The Stooges - Funhouse (Cover Artwork)
Staff Pick

The Stooges

The Stooges: Funhouse

Funhouse (1970)

Elektra


5
I was living in San Francisco, 19 years old with little to no clue about how to get a summer job after getting fired, living on zip in terms of money. After getting utterly high at night I'd walk to the 7-Eleven for munchies and those seven blocks would be soundtracked by “Dirt” by t...

I was living in San Francisco, 19 years old with little to no clue about how to get a summer job after getting fired, living on zip in terms of money. After getting utterly high at night I'd walk to the 7-Eleven for munchies and those seven blocks would be soundtracked by “Dirt” by the Stooges. I was pissed, sexually frustrated, and a bit spoiled lets face it, and as I walked in those brooding Inner Richmond streets “Dirt” was my song, a churning, droning inferno (like that album cover) of impotence and scummy pride. I was Dirt and proud like Iggy was – I knew I didn't belong, and while I'm a different guy now (even if I'm still kind of a fuckup) that sense of outsiderdom, of a wild darkness is still there.

That madness, that cruel, lo-fi energy that I caught onto as a teen is still there in Funhouse – the demented yowling, squealing and thundering of “TV Eye”, where Iggy Pop opens the song with an obscene shout of “LOVEEEEEEEEEEEEEEEEEEEEE” before descending into commands, barks and screams that can be wordless or only barely resemble English. Funhouse is the processing of free jazz, garage rock, heavy R B and live Detroit blues into its own form, a primordial soup of enormous guitar lunkhead genius and raving drugged out malice. It's only a fun album in the title – this is hell, glorious hell, especially compared to the first album where Pop and Asheton are still chained to sanity by John Cale's solid, stable production and avant garde touches. Here the dogs are utterly unleashed – and given a sax to play with.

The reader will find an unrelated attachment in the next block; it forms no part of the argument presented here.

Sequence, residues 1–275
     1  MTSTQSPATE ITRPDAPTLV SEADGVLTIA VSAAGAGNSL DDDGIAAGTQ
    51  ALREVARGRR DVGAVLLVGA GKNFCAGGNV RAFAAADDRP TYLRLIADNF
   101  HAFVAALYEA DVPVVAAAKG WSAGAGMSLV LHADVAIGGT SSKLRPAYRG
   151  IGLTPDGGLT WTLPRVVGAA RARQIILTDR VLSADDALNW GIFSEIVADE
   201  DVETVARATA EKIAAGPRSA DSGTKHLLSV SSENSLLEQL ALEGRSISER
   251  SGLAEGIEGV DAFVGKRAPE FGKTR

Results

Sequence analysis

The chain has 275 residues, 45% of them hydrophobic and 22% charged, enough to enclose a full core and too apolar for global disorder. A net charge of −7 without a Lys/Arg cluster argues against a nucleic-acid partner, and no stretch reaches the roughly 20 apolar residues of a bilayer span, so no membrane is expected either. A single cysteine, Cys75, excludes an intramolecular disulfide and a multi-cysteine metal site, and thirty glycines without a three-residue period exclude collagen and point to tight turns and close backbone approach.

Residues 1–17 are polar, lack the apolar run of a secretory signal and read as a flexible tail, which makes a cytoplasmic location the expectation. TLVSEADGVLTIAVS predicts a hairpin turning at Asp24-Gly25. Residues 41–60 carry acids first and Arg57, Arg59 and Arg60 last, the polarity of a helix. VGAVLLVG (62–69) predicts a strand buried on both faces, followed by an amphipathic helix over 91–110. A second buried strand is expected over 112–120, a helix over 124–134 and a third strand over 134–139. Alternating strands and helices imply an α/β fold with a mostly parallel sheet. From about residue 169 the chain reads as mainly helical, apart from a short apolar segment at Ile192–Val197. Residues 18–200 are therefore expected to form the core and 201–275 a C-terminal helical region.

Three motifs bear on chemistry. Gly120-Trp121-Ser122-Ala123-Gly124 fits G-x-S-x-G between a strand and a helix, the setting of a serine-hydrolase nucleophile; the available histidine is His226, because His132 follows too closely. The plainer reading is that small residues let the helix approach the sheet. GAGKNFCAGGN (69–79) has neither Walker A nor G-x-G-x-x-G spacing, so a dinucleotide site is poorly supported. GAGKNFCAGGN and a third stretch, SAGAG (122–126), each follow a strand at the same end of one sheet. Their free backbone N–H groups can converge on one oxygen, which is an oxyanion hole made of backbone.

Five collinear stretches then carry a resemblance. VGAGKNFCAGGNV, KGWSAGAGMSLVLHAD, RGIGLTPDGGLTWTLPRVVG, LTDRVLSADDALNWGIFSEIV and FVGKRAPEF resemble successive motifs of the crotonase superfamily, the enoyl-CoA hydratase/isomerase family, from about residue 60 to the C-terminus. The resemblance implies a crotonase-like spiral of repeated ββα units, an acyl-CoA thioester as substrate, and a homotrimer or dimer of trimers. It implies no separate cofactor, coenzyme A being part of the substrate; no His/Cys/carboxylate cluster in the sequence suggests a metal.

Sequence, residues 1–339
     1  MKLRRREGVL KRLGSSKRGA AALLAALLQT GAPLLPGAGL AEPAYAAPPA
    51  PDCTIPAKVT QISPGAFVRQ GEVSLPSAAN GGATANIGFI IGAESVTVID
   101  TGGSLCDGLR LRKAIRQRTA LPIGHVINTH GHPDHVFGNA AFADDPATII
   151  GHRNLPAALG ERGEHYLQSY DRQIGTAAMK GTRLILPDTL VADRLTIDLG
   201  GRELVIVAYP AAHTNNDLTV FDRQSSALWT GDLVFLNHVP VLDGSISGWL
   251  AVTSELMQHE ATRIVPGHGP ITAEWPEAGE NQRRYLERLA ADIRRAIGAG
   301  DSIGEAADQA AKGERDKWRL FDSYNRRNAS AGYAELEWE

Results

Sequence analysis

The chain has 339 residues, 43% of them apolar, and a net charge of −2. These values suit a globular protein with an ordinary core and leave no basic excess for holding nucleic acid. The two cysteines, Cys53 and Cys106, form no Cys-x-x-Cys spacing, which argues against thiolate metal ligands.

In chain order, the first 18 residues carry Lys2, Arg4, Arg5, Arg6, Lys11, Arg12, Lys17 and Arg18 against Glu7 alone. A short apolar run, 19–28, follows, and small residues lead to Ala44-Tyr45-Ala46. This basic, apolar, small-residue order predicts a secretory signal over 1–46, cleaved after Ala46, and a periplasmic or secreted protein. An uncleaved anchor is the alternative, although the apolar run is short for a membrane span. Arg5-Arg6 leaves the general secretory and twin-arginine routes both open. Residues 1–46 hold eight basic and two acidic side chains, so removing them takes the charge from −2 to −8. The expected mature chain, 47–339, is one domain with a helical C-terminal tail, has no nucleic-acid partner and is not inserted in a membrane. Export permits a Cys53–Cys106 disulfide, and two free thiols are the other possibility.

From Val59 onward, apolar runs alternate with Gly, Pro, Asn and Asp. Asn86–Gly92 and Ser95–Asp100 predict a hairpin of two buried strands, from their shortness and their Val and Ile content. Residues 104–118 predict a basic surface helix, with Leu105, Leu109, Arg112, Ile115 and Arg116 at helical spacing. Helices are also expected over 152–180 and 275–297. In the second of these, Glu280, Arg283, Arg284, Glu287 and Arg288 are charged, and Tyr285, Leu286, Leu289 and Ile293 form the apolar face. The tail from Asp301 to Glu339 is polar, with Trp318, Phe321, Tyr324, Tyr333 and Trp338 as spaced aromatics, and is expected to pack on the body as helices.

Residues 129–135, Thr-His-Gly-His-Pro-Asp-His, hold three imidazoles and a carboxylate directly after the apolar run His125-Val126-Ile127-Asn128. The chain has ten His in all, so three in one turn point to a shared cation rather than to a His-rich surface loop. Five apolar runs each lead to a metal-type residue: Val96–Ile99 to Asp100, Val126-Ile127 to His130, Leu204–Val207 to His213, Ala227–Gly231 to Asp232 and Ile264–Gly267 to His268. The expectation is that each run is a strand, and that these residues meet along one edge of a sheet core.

Funhouse is the closest we'll get in the studio to the Stooges' live sound and thats what makes it arguably their best overall album – here is a band allowed to go completely mad, the music of people rioting and chugging beer and copulating in the streets all at the same time. The pulsing, chug-a-lug openers “Down In The Street” and “Loose” are the closest they get to straight ahead coherence, and it's still Iggy bouncing, moaning “And I'll stick it – deep inside” like you know exactly what that means and you love it. And from there the album wildly careens from violent punk into repetitious, thrumming drone guitar techniques and saxophone from the great late Steve MacKay on “Funhouse” among others (his entrance on the ecstatic “1970”, as if saluting Iggy Pop's hideous joy, is amazing). The climax is thus of course downright harrowing - “L.A. Blues”, a bloody, five minute pummeling of inhumanity and mayhem. It is The Stooges totally disposing of the burdens of structure, only governed by the shrieks of their lead singer, now a banshee from the devils shape shifting at will as the drums of Scott Asheton pound and pound into a pulp. We are only shown mercy when Iggy at last collapses, sounding like a wild animal ready for sleep, as we'd be if we weren't so goddamn excited.

I'm almost 25 as I write this but here I am, listening to the Stooges like I did when I was 17 not only because I'm writing about it but because at a certain level some things just don't change, as they don't for plenty of weird punk kids who needed Funhouse as badly as I did. You're a little calmer, a little more understanding maybe – hell you can pay your taxes. But you've still got that excitement in you, that capacity for darkness and loserdom that only you and select others can understand. And for that, for that well you've got Iggy who tells you its okay, he's got that in him too as he screams, the sound captured on tape for all time for your pleasure.